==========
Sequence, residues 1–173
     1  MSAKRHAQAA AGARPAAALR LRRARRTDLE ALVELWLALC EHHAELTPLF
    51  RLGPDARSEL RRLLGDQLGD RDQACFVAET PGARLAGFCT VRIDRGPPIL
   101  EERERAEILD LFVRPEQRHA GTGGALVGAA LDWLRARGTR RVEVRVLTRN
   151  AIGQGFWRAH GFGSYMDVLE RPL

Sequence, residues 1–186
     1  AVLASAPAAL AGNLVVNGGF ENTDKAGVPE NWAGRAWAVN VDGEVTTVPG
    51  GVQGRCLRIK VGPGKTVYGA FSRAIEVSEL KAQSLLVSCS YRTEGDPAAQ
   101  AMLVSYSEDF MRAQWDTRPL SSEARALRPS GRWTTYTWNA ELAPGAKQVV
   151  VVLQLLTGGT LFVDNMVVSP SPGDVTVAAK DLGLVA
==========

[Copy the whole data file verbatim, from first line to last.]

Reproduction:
Sequence, residues 1–173
     1  MSAKRHAQAA AGARPAAALR LRRARRTDLE ALVELWLALC EHHAELTPLF
    51  RLGPDARSEL RRLLGDQLGD RDQACFVAET PGARLAGFCT VRIDRGPPIL
   101  EERERAEILD LFVRPEQRHA GTGGALVGAA LDWLRARGTR RVEVRVLTRN
   151  AIGQGFWRAH GFGSYMDVLE RPL

Sequence, residues 1–186
     1  AVLASAPAAL AGNLVVNGGF ENTDKAGVPE NWAGRAWAVN VDGEVTTVPG
    51  GVQGRCLRIK VGPGKTVYGA FSRAIEVSEL KAQSLLVSCS YRTEGDPAAQ
   101  AMLVSYSEDF MRAQWDTRPL SSEARALRPS GRWTTYTWNA ELAPGAKQVV
   151  VVLQLLTGGT LFVDNMVVSP SPGDVTVAAK DLGLVA